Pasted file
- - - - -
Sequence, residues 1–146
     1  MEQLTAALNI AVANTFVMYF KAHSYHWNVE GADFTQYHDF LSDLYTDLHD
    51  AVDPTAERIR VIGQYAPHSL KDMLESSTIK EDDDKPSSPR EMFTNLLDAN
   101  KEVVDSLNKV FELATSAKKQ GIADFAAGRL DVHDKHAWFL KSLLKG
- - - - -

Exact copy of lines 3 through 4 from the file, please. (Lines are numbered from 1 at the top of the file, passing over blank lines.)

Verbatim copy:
    51  AVDPTAERIR VIGQYAPHSL KDMLESSTIK EDDDKPSSPR EMFTNLLDAN
   101  KEVVDSLNKV FELATSAKKQ GIADFAAGRL DVHDKHAWFL KSLLKG